Dionne Warwick -- estimated that local cable accounted for 25 percent of the
cable-infomercial business last year, up from only 5 percent in 1994.

Access president Bill Bernard said business, fueled by
local growth, is 'wonderful,' pointing to an estimated $22 million in revenue
for the company for fiscal-year 1998, which concludes at the end of this month, up 37
percent from $16 million in 1997.

In fact, the infomercial business is so appealing that for
the past year-and-a-half, Jones Intercable Inc., Cox Communications Inc. and Adelphia
Communications Corp. have been joint-venture partners in Product Information Network, a
leading cable-infomercial supplier and a dedicated infomercial channel with approximately
9 million subscribers.

According to PIN chief operating officer Jon Shaver, the
network is on 24 hours per day in 60 percent of its homes, and demand from cable operators
is growing.

Shaver contended that the infomercial business has turned a
corner with the demise of 'fly-by-night' companies. 'The 'Wild
West' days are behind us,' he asserted. 'The stigma is going away.'

Jack Olson, vice president of Media Partners,
Adelphia's ad-sales division, agreed.

'Infomercials are widely accepted now,' he said.
'The products that they sell are better, and people have more confidence in what they
see advertised.'

In fact, the infomercial industry hopes that more
'mainstream' advertisers will begin to increasingly use the medium to convey
information about products and to generate leads, and not necessarily to sell products
directly, thereby taking the programming further away from its
traveling-salesman/hard-sell roots.

Michael Wex, president and CEO of GRTV, which produces
infomercials featuring such celebrities as Fran Tarkenton, said he expects more Fortune
500 companies to use direct-response programming this year.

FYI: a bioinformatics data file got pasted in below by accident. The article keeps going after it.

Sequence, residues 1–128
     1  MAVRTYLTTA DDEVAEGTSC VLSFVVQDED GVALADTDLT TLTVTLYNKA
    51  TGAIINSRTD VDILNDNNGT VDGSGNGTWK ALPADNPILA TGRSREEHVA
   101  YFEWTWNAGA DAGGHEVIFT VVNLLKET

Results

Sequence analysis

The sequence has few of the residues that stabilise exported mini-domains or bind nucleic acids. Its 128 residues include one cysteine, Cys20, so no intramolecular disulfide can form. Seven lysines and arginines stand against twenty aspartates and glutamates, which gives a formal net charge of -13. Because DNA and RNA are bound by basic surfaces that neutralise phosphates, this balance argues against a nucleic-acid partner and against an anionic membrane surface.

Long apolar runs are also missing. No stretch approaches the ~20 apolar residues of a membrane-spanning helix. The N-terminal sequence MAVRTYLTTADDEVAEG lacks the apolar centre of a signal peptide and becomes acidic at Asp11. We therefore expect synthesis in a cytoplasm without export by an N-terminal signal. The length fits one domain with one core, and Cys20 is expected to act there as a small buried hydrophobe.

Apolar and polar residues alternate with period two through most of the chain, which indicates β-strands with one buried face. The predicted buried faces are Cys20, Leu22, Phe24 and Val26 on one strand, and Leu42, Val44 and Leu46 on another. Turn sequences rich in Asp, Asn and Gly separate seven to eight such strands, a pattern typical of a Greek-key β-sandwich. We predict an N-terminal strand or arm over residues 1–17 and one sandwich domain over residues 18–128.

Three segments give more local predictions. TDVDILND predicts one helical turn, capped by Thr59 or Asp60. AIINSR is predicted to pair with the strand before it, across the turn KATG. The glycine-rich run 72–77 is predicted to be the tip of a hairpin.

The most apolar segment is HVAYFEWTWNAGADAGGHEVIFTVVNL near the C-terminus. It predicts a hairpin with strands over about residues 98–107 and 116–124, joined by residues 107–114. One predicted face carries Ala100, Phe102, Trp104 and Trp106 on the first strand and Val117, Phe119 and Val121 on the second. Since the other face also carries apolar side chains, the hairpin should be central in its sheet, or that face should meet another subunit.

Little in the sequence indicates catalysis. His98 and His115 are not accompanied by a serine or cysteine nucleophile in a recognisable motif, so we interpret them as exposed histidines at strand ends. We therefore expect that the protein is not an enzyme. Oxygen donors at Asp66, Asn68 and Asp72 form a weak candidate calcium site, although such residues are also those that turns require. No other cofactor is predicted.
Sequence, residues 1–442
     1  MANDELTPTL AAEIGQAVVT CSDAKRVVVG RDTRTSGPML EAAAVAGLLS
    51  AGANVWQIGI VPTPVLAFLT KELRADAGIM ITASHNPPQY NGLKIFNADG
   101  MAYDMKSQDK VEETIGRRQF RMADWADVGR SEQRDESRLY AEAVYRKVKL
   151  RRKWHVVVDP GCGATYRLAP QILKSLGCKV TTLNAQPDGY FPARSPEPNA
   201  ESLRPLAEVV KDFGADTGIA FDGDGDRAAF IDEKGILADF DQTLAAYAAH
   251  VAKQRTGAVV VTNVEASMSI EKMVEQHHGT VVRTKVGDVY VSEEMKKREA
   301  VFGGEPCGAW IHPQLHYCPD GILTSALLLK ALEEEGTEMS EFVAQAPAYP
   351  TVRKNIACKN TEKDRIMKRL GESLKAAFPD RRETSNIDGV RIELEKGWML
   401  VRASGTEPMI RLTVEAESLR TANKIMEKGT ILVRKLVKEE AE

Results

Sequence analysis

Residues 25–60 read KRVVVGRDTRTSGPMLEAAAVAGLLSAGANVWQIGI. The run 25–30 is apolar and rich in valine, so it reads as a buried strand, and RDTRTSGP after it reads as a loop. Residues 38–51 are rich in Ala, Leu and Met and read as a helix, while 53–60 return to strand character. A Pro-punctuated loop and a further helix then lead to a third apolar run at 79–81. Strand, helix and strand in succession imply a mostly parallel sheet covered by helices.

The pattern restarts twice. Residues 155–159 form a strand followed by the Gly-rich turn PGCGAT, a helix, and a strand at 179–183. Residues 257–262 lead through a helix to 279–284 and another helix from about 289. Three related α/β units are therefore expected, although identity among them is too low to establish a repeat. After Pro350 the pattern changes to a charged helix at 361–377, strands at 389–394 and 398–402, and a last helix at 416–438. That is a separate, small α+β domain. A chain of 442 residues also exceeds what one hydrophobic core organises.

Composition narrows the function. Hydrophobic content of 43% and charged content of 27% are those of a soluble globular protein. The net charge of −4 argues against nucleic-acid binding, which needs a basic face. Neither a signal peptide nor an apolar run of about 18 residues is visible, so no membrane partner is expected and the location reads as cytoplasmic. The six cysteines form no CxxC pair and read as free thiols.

'The quality will continue to get better,' he
said. 'This is a business that's growing up fast.'

Shaver said recent infomercials by major corporations like
Sony Corp. and Toshiba Inc. pushing their digital versatile disk players will prove to be
the prototype of the kind of mainstream programming that he expects to become more
prominent on PIN.

'There's an element of direct sell in these
programs,' Shaver said, 'but they're used more to create awareness, to
educate the consumer and to generate leads.'

Infomercial producers also said they plan to produce more
'entertaining' programs that are closer to regular shows on cable than to
infomercials.

For example, PIN is working on a travel show with Robin
Leach where content would be provided by travel companies, and on a program produced with
drug companies that will dispense medical advice.

Bernard agreed that programming in the future will evolve
further away from the traditional half-hour infomercial model.

'The lengths of the programs will be shorter,' he
predicted, 'and the positioning will be much more entertainment-oriented than it is
now.'

Infomercial programmers are also convinced that the
industry will expand their business beyond television into areas such as direct-mail,
catalogs and even retail, perhaps with the help of cable operators.

'I think that there are new ways for operators and
direct-response marketers to work together,' Wex said. 'There are a lot of
possibilities.'

He cited Cablevision Systems Corp.'s recent purchase
of the bankrupt Nobody Beats the Wiz consumer-electronics retail chain as just such an
opportunity for synergy with cable operators.

'I'm looking forward to talking with them,'
he said.